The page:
Facebook Earns C-Minus for Respecting User Rights
CREDIT: Shutterstock: Tiplyashin Anatoly
Clickwrapped, a new privacy-review company, has released its first report card. The site grades top websites on how well they protect users' privacy, as well as the sites' user policies.
Despite pervasive criticism in the media, Facebook ranked near the top of the list, ahead of Twitter, Pinterest and LinkedIn.
Clickwrapped's founder, attorney and technology entrepreneur Andrew Nicol, based ratings on answers to questions such as "Does the site get more rights to your content than it needs?" and "What can the site do with content you post?"
Websites are graded on four categories: Data Use , Data Disclosure, Amendment & Termination and Miscellaneous. Each can be awarded up to 100 points — 25 points per category.
Wikipedia had the highest score with 86 points, and was the only site to score a perfect 25, which it earned for appropriate use of data, meaning that Wikipedia only uses your data to support listings on the site. Craigslist ended up at the bottom of the list with an overall score of 45. Facebook ranked fourth.
Nicol was himself surprised that Facebook ranked so highly.
"Facebook, because it has more data about more of us, it just simply attracts more press just because it's so big," Nicol said in a report from news site AllFacebook. "I don't think a lot of people realize that it compares pretty well to a lot of other social networks in that there are actually a lot more restrictions on what it can do with your data."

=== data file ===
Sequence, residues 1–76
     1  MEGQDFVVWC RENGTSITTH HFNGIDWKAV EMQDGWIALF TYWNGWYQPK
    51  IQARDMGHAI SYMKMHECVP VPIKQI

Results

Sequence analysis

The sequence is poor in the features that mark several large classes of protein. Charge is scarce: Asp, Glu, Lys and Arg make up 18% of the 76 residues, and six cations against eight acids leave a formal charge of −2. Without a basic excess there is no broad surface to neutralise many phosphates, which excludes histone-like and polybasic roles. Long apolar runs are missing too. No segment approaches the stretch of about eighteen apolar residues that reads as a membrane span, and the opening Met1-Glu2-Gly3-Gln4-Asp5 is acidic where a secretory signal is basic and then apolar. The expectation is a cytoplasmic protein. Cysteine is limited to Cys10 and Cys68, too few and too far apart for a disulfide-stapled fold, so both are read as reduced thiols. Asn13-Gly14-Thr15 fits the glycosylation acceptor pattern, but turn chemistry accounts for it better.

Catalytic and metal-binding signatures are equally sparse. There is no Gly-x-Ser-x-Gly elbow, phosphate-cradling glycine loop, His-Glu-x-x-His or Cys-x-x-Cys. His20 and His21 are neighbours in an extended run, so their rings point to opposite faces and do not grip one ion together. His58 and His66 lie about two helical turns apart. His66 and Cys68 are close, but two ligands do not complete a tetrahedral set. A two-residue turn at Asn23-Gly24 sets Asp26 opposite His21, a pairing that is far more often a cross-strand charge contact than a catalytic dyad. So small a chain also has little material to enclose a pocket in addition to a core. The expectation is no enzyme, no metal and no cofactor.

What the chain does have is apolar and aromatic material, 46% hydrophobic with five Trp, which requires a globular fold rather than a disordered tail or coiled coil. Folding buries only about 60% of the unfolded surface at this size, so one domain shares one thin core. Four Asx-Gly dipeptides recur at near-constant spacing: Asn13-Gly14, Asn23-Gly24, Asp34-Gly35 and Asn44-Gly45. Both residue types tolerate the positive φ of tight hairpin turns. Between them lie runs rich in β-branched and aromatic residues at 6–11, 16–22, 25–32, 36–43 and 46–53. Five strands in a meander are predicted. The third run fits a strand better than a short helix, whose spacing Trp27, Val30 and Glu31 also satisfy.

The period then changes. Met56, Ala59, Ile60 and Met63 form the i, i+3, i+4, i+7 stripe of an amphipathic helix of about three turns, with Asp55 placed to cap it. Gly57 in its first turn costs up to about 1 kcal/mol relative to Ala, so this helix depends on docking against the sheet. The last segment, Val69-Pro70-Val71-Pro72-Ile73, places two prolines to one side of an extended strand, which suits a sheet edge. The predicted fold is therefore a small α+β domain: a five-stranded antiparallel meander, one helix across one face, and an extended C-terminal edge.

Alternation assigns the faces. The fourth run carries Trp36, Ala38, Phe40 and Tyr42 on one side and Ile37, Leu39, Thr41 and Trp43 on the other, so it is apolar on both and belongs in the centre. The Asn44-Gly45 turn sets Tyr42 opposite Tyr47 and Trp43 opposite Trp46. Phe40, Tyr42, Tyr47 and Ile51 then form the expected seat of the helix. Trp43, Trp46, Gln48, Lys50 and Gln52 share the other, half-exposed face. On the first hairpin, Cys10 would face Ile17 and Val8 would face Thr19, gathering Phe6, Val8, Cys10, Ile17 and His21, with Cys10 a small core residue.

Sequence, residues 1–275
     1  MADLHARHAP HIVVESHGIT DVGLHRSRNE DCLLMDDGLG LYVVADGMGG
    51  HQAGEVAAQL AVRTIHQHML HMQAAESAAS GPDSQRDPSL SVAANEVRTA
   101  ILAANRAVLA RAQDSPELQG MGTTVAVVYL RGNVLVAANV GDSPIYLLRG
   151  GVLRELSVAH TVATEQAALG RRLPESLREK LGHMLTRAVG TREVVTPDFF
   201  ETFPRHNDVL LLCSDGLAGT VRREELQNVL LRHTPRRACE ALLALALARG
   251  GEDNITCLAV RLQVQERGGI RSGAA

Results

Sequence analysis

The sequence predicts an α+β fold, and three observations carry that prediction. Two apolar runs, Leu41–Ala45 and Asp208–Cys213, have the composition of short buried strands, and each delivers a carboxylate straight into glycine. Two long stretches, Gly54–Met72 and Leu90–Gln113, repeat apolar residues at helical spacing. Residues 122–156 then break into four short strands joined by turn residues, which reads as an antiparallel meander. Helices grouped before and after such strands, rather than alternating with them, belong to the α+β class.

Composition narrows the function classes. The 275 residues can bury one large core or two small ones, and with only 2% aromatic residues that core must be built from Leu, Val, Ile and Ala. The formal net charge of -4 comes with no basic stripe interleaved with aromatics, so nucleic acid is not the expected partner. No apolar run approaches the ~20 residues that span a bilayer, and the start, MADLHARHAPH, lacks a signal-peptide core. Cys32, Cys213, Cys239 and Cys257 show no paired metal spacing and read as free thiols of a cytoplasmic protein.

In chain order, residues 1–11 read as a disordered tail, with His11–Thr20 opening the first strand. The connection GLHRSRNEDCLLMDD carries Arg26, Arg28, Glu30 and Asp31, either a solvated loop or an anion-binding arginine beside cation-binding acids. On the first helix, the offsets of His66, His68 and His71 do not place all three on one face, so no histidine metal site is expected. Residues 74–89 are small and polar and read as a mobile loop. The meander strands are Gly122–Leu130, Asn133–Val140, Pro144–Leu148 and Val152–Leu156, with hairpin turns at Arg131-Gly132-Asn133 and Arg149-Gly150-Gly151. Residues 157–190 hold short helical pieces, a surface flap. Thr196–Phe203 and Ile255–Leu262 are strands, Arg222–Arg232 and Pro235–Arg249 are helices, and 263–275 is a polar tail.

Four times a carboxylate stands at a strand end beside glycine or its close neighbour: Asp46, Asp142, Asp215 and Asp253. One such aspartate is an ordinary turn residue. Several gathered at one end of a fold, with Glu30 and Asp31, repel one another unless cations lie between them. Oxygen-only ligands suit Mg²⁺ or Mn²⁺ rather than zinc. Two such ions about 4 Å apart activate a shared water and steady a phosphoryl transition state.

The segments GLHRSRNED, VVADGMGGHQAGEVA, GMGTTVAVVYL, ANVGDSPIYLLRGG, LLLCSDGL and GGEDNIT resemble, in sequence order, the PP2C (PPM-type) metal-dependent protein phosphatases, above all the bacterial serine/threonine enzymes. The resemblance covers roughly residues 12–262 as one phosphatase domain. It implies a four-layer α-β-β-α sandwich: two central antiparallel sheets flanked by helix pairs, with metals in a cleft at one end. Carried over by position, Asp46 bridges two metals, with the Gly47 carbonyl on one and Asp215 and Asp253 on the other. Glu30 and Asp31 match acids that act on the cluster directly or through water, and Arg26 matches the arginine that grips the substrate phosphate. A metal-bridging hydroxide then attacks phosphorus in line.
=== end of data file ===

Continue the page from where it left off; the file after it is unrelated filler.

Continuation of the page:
While Facebook's score of 70 is a barely passing grade on a standard scale, it ranked high compared to other sites.
Facebook made high marks because it allows users to control their privacy, does not cancel an account unless the user is in clear violation of its terms and services agreement and promises to consult users prior to modifying the terms and services agreement.
"Its current terms of service (which it calls the “Statement of Rights and Responsibilities”) is actually one of the most pro-user agreements in our survey," Nicols said.
However, the biggest social media network has areas it needs to work on, such as claiming ownership of user content. Facebook can sell your content to other companies, track its members' visits to other websites and not commit itself to tell you when it has released your data to law enforcement.
Nicol plans to add more websites to his lineup and categorize them by type, including social network, e-commerce and photo-sharing sites.
This story was provided by TechNewsDaily, sister site to SecurityNewsDaily.